The focus of the Program is on education more than on technology. As a matter of fact, in the selection of lab teachers there is no requirement as to previous computer experience. What is essential is the teachers' interest in renewing methodology and their openness to change. The teacher should have a certain mental framework to be able to see him or herself as a facilitator and to be able to break away from the traditional "teacher as authority" concept.
In-service training and constant support constitute the fundamental pillars of the Costa Rican Computers in Education Program, and are carried out at a national level and in the various regions of the country.
An annual meeting of the Teachers of Educational Informatics is held yearly for the purpose of expanding teachers' knowledge of the field and allowing them to exchange ideas and concerns. In 1991, this annual meeting became an international conference which was planned to coincide with the 5th International Logo Conference held in Costa Rica in November 1991.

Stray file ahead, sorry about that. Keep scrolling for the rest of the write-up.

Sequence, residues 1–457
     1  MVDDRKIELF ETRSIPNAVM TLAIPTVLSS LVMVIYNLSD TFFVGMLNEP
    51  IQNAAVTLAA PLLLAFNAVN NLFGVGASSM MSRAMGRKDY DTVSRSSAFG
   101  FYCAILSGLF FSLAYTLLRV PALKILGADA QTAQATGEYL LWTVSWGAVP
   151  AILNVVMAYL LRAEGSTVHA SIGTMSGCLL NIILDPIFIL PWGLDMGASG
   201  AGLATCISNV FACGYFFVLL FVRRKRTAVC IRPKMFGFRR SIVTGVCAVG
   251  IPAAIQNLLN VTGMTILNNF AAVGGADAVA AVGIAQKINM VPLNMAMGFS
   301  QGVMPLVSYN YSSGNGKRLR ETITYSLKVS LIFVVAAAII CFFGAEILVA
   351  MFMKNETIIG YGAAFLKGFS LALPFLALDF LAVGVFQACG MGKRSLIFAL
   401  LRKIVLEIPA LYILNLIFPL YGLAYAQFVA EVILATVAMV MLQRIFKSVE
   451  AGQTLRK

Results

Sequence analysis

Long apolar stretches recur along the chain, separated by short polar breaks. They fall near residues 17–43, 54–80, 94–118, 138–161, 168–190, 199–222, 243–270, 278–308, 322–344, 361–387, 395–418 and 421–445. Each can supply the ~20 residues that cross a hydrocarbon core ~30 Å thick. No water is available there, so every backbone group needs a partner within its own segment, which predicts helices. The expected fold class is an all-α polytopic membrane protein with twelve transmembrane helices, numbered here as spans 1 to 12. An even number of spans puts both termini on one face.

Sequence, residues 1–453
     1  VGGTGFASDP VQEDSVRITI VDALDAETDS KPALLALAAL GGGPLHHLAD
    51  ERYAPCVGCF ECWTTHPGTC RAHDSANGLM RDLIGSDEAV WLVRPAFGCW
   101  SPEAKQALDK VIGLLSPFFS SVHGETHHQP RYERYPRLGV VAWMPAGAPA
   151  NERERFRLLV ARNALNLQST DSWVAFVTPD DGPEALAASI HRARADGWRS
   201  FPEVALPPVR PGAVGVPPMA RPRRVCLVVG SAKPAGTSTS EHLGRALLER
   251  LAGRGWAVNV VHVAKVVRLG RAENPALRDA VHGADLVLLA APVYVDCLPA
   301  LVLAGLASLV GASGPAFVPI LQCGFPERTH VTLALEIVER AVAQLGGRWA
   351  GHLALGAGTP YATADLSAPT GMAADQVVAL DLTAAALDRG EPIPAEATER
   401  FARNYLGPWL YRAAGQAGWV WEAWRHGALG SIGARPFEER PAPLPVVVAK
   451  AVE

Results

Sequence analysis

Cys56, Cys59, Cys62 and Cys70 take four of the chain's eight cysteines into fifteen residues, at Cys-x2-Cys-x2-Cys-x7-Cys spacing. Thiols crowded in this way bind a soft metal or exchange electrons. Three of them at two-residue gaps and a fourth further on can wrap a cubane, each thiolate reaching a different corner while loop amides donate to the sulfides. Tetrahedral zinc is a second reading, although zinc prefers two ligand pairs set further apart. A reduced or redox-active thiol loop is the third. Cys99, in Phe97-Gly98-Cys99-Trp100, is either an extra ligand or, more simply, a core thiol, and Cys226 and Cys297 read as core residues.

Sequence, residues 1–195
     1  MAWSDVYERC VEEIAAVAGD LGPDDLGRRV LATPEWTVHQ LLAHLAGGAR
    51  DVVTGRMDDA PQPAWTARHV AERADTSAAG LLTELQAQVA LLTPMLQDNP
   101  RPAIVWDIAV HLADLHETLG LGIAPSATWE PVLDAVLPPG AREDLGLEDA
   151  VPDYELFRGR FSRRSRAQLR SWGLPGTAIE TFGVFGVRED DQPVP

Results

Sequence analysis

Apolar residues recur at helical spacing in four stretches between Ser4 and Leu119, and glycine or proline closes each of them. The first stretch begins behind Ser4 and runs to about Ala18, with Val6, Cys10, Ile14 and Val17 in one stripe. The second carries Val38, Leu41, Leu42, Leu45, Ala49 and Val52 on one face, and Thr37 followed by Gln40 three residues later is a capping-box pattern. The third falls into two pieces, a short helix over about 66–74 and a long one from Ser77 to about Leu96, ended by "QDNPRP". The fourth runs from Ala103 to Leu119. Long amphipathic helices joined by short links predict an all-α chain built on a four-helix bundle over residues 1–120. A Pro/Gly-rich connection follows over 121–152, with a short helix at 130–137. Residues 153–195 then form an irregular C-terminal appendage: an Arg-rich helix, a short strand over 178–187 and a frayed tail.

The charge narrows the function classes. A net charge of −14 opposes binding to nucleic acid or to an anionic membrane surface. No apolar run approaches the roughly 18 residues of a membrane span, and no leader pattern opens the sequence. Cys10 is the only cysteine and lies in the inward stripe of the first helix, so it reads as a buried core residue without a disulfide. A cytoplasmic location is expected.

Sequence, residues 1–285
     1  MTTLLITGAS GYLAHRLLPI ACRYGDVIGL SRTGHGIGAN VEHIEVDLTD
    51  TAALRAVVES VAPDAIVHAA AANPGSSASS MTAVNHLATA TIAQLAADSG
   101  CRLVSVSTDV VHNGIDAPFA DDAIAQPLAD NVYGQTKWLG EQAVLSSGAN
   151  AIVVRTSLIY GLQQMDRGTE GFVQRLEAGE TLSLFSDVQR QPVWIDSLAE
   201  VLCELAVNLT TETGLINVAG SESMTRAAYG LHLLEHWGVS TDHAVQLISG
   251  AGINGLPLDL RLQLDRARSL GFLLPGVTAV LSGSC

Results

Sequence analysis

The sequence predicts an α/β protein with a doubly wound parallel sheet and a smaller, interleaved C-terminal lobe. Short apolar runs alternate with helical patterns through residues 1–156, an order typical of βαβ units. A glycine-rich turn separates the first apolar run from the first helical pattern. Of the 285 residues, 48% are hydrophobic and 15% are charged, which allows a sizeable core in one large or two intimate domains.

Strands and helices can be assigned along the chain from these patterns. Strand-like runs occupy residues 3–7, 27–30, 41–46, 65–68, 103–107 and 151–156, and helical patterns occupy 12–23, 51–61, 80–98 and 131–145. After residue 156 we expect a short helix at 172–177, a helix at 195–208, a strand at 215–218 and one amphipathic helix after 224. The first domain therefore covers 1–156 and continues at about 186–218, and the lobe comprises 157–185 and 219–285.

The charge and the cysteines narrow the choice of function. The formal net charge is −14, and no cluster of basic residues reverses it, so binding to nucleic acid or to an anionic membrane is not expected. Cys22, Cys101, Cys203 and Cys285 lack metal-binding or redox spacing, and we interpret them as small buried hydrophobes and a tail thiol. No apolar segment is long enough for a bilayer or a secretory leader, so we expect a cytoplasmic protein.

In addition, since 1989, the program hosts an annual Children's Computers in Education Conference. In this activity school children from all over the country meet to present the premier projects developed in their schools during the school term. The projects prepared for each conference are guided by an overall theme such as Science and Technology, Human Rights, and Sustainable Development.
The Costa Rican Computers in Elementary Education Program is the result of much planning and effort on the part of Costa Rican intellectuals, politicians, and educators. The Program selected a model of introducing computers that is "teacher-centered" in the sense that it relies on the talents and enthusiasm of teachers for its success. The positive response of the Costa Rican educators has been the cornerstone of the Program's success. Those teachers have accepted the challenge of opening up to information technology and attempting to change and enrich an otherwise obsolete educational system.
The Costa Rican Computers in Education Program is characterized by "a sense of mission," as Dr. Seymour Papert has stated. The Program's focus is beyond the scope of technology; it aims at the gradual transformation of Costa Rican education and society.